The new HPC system, Puma, uses SLURM as a job scheduler rather than PBS Pro. SLURM has several advantages:
- It provides more robust support for a larger number of jobs in queue.
- It is used by national HPC groups (XSEDE and TACC) making it easier for users to scale out to those systems.
- It has more sustainable support.
Allocations and Job Partitions (Queues)
Using Puma with SLURM is similar to using ElGato and Ocelote with PBS. Users will still receive a monthly allocation of cpu hours associated with their PI's group which will be deducted when they run their jobs in standard. Users will also still be able to use windfall to run jobs without consuming their monthly allocations. As on Ocelote and Puma, jobs run using windfall will still be subject to preemption when resources are requested by higher-priority jobs.
To request a specific partition (standard, windfall, or high_priority), see Job Partition Requests below.
Modules and Software
The process of finding, loading, and using software as modules will not change on the new system. Users will still be able to utilize the standard commands described in the Software section in our User Guide. However, in a departure from our previous systems, modules will not be available to load and utilize on the login nodes. To load, use, and test software for job submissions, users will need to request an interactive session. Interactive sessions may be requested by simply using the command "interactive".
When you are on a login node, you can enter interactive and that will provide a default session on a compute node. This is useful for checking available modules, testing submission scripts, compiling software for example.
The interactive command actually does this:
If you find that this session is insufficient, then run the command above, but change what you need.
Do you want to get an interactive session faster. Choosing standard rather than windfall would help.
Are you using X forwarding?
To run a job on a GPU you request the resource name that is assigned to the GPU. So in this example interactive job:
The resource is gpu and the quantity is 1.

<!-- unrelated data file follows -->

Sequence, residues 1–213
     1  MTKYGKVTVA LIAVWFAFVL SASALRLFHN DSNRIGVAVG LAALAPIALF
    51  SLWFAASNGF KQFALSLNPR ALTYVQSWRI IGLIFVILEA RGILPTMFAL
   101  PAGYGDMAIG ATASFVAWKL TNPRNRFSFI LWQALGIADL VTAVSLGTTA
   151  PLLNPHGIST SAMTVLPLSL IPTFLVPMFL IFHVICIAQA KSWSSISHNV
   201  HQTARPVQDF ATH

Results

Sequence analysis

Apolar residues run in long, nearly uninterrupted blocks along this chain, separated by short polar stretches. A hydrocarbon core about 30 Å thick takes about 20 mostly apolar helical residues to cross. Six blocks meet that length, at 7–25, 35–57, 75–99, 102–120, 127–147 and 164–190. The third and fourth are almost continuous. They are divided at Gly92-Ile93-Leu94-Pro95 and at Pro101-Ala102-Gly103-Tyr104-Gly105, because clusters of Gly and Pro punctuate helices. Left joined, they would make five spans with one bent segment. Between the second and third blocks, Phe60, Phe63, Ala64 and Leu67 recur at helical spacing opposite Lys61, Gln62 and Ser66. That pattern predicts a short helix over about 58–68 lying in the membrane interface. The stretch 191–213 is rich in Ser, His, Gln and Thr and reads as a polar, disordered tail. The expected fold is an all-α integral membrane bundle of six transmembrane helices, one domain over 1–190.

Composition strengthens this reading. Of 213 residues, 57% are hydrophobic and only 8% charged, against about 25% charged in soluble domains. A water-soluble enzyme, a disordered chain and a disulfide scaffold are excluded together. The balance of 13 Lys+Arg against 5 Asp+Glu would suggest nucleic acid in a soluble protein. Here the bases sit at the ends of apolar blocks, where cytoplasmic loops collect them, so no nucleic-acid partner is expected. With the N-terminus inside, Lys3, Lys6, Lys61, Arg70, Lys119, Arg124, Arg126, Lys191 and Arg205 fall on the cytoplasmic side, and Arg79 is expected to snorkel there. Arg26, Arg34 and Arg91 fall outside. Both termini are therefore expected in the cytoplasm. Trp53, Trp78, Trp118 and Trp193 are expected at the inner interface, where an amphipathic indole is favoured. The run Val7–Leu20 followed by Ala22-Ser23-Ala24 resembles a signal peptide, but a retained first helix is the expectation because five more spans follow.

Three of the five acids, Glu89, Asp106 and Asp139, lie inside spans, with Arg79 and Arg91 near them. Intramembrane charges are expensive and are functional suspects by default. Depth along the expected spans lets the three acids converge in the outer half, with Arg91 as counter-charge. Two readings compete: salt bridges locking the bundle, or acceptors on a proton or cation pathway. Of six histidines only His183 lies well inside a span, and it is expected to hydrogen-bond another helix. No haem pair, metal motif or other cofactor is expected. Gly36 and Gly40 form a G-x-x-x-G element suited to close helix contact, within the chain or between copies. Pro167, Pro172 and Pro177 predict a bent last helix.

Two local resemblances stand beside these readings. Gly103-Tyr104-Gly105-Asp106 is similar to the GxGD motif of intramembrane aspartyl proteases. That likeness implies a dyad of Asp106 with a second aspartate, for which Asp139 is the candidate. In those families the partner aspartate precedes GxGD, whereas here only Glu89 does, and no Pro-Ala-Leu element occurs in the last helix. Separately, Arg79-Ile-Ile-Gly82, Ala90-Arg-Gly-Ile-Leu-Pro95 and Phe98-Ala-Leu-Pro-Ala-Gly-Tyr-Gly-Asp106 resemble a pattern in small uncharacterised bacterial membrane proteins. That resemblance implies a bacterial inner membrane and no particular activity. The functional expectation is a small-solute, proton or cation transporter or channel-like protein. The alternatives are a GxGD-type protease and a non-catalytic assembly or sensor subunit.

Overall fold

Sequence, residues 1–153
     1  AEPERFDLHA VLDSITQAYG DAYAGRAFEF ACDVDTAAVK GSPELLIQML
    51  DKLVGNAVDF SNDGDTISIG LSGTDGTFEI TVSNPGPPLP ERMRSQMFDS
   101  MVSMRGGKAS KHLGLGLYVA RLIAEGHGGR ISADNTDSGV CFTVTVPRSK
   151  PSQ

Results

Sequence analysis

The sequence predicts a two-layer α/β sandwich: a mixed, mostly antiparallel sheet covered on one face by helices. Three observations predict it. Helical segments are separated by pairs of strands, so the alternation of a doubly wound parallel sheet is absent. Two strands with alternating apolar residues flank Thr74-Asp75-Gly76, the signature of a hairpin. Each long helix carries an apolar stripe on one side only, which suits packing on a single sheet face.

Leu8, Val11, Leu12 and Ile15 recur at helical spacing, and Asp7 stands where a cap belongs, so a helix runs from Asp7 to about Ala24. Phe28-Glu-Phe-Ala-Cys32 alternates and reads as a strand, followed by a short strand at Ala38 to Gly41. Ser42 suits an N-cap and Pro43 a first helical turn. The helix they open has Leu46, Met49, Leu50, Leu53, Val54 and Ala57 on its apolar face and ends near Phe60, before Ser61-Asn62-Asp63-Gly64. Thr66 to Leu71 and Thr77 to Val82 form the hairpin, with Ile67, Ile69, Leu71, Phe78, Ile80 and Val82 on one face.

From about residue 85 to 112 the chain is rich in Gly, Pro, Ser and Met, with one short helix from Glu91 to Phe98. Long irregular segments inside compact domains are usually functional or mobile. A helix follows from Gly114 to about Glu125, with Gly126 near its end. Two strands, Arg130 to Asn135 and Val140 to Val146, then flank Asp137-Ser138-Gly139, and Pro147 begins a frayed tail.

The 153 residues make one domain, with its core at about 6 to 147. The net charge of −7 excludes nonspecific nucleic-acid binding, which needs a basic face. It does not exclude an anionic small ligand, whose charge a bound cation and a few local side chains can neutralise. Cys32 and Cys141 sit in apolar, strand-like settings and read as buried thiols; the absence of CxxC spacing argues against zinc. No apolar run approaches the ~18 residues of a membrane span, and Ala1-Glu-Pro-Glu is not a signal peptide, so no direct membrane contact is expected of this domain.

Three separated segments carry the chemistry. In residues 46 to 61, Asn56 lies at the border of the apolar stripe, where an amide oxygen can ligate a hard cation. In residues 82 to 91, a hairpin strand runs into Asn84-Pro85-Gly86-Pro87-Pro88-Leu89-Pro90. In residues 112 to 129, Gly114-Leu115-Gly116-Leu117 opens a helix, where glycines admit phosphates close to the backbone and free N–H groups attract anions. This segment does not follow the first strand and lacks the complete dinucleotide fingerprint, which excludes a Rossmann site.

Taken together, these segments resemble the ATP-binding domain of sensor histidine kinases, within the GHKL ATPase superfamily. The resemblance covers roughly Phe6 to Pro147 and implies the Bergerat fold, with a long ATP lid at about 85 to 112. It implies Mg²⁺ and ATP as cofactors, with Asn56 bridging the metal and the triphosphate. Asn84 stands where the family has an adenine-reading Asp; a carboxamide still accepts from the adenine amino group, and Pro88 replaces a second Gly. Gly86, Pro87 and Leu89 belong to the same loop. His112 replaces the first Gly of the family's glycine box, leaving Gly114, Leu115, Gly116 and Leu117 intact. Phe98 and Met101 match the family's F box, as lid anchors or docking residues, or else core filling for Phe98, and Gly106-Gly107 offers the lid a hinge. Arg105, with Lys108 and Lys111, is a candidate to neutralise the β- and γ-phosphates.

PBS → SLURM Rosetta Stone
In general, SLURM can translate and execute scripts written for PBS. This means that if you submit a PBS script written for Ocelote or ElGato on Puma (with the necessary resource request modifications), your script will likely run. However, there are a few caveats that should be noted:
- You will need to submit your job with the new SLURM command, e.g. sbatch instead of qsub
- There may be some PBS directives that do not directly translate to SLURM which cannot be interpreted
- The environment variables specific to PBS and SLURM are different. If your job relies on these, you will need to update them. Common examples are PBS_O_WORKDIR and PBS_ARRAY_INDEX
To help with the transition to SLURM, we've also installed software that converts some basic PBS Pro commands into SLURM commands automatically called pbs2slurm.
To get acquainted with the new scheduling system, refer to the following list of common PBS commands, directives, and environment variables and their SLURM counterparts.
|sbatch <options>||Batch submission of jobs to run without user input|
|qsub -I <options>|
(note the upper case 'i')
|srun <options> --pty bash -i|
|Request an interactive job|
|srun <options>||Submit a job for realtime execution. Can also be used to submit an interactive session|
|qstat||squeue||Show all jobs|
|qstat <jobid>||squeue --job <jobid>||Check status of a specific job|
|qstat -u <netid>||squeue -u <netid>||Check status of jobs specific to user|
|tracejob <jobid>||sacct -j <jobid>||Check history of a completed job|
|qdel <jobid>||scancel <jobid>||Delete a specific job|
|qdel -u <netid>||scancel -u <netid>||Delete all user jobs|
|qstat -Q||sinfo||View information about nodes and queues|
|qhold <jobid>||scontrol hold <jobid>||Places a hold on a job to prevent it from being executed|
|qrls <jobid>||scontrol release <jobid>||Releases a hold placed on a job allowing it to be executed|
|#PBS -W group_list=group_name||#SBATCH --account=group_name||Specify group name where hours are charged|
|#PBS -q standard||#SBATCH --partition=standard||Set job queue|
|#PBS -l walltime=HH:MM:SS||#SBATCH --time HH:MM:SS||Set job walltime|
|#PBS -l select=<N>|
Select N nodes
|#PBS -l ncpus=<N>||#SBATCH --ntasks=<N>|